From Iceland — Ask A Meteorologist: Why Is Lightning So Rare In Iceland?

Ask A Meteorologist: Why Is Lightning So Rare In Iceland?

Ask A Meteorologist: Why Is Lightning So Rare In Iceland?

Published March 22, 2017

Joanna Smith
Photo by
Art Bicnick

Q: “Why is lightning so rare in Iceland?”

A: “Lightning is actually more common in Iceland than people realise, however in comparison to many other places on earth we get very little of it. The simple reason for this is that it doesn’t normally get warm enough in Iceland to create the conditions required for lightning. Cumulonimbus clouds are usually needed to create thunderstorms. For these clouds to form, the ground has to be hot in order for hot air to rise. Once risen, the water vapour in this air cools and forms the cloud. The warmer the air, the higher and larger the cloud will be. At the top of the cloud, pieces of ice form and crash into one another, which creates an electrical charge and with it, lightning. Any electrical potential will diminish with smaller clouds.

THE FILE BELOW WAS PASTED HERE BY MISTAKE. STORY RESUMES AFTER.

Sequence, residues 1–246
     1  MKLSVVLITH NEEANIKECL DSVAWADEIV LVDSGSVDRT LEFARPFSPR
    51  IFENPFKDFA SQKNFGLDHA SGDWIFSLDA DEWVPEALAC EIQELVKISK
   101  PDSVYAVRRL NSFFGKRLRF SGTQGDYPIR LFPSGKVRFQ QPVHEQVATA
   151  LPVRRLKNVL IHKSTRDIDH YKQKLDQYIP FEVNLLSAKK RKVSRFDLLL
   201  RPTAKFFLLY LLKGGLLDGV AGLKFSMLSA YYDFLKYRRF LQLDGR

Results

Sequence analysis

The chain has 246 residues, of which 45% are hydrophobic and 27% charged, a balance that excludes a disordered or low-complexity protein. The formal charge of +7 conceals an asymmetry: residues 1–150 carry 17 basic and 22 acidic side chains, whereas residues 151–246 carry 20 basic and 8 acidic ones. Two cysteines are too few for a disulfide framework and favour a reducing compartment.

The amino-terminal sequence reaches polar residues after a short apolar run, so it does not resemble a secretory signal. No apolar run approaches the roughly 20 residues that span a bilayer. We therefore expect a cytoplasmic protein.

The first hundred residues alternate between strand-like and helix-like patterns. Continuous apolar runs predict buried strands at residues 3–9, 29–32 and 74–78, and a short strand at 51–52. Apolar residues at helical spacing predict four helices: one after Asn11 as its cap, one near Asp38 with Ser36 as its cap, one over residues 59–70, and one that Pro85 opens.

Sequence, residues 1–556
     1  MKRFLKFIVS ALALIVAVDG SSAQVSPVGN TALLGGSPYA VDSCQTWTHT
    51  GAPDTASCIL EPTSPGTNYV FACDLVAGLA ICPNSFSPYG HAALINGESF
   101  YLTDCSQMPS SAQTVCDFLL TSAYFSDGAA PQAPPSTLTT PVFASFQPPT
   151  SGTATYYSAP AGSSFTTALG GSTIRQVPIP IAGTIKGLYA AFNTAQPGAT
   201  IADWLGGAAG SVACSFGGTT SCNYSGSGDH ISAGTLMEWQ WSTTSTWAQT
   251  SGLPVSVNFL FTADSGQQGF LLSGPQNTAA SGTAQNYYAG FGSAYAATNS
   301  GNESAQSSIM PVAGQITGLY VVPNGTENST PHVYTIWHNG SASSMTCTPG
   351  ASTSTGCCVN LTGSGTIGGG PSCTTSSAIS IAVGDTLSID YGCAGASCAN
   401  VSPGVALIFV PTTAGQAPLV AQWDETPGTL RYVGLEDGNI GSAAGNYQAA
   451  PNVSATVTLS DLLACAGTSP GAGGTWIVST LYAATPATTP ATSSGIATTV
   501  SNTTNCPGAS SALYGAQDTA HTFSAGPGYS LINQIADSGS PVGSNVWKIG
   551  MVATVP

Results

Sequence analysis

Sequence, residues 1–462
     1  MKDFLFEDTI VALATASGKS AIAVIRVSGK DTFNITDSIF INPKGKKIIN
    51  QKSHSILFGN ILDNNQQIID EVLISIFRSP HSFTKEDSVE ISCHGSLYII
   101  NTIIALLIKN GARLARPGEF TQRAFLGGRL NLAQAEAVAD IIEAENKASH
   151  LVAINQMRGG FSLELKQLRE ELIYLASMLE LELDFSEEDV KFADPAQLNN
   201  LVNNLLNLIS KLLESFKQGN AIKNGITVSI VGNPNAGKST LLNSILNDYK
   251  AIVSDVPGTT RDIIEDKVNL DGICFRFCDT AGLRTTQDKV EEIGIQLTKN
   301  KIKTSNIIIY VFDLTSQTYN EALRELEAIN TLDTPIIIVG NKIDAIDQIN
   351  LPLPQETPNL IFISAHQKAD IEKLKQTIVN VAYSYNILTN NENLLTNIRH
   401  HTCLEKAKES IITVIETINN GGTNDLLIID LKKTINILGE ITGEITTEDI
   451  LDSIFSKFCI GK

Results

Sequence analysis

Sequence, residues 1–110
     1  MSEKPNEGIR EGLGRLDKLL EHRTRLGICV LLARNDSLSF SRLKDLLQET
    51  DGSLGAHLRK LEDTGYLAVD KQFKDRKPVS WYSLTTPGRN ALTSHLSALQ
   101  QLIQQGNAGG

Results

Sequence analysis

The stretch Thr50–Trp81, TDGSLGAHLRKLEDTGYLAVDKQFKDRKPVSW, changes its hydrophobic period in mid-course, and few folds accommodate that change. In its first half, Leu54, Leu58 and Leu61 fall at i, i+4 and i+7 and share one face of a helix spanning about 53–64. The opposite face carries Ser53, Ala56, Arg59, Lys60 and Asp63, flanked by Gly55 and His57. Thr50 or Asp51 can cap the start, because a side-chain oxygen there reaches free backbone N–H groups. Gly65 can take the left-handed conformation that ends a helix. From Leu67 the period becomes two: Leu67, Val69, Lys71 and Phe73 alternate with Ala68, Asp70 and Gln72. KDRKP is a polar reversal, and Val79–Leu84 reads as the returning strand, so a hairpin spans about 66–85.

So, in Iceland, the ground is rarely warm enough to create these large cumulonimbus clouds in the first place, meaning that there is less chance for this electrical charge to be created and therefore, less chance of lightning.”

There you have it: Iceland is too cold for lightning. That may be a bit depressing to hear, but find solace in the fact that you are way less likely to be hit by lightning, and that’s always a good thing.

We asked Björn Sævar Einarsson at The Icelandic Met Office. If you have a question about Iceland that you would like answered, email us at and we will find the most suitable expert in the field in Iceland to resolve your conundrum.

Read more “Ask An Expert” articles here.

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